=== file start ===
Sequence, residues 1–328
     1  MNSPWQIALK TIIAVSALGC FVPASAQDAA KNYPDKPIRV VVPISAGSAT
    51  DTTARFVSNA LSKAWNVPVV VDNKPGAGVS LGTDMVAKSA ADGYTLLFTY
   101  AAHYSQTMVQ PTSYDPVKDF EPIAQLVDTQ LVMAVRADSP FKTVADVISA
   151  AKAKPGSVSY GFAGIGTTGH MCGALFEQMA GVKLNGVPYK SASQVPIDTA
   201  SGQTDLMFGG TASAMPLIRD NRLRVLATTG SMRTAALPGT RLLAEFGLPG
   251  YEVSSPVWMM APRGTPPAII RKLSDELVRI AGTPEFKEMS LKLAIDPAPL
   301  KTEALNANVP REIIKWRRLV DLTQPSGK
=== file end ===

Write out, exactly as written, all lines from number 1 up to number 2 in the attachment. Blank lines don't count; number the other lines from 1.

Sequence, residues 1–328
     1  MNSPWQIALK TIIAVSALGC FVPASAQDAA KNYPDKPIRV VVPISAGSAT